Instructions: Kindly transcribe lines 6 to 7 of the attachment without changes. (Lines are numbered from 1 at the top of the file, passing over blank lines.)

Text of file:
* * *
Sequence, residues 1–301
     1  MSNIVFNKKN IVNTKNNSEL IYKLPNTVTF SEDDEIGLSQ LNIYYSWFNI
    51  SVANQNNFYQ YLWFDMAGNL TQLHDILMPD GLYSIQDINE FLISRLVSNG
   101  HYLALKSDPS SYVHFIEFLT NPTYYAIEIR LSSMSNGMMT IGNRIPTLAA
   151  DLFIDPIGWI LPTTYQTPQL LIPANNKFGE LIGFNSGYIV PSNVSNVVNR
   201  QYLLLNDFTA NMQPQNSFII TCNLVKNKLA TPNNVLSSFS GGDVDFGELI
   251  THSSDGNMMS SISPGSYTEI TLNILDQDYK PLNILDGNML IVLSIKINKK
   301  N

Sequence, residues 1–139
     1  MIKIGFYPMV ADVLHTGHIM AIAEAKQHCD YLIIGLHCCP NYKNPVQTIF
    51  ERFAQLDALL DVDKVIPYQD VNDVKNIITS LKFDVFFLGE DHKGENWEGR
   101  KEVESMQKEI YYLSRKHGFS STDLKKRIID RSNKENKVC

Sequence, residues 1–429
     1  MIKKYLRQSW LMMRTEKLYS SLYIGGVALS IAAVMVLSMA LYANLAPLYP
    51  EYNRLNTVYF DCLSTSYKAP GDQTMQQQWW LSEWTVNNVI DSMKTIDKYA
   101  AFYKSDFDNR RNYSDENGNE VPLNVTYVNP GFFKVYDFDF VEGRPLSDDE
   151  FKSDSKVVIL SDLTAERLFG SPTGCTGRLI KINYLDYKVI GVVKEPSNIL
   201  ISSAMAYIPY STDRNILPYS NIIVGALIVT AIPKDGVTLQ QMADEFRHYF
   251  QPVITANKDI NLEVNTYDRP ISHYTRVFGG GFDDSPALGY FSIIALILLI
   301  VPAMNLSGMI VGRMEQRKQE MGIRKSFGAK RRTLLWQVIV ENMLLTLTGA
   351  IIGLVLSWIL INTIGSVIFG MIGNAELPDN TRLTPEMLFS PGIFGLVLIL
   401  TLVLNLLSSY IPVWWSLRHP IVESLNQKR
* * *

   201  QYLLLNDFTA NMQPQNSFII TCNLVKNKLA TPNNVLSSFS GGDVDFGELI
   251  THSSDGNMMS SISPGSYTEI TLNILDQDYK PLNILDGNML IVLSIKINKK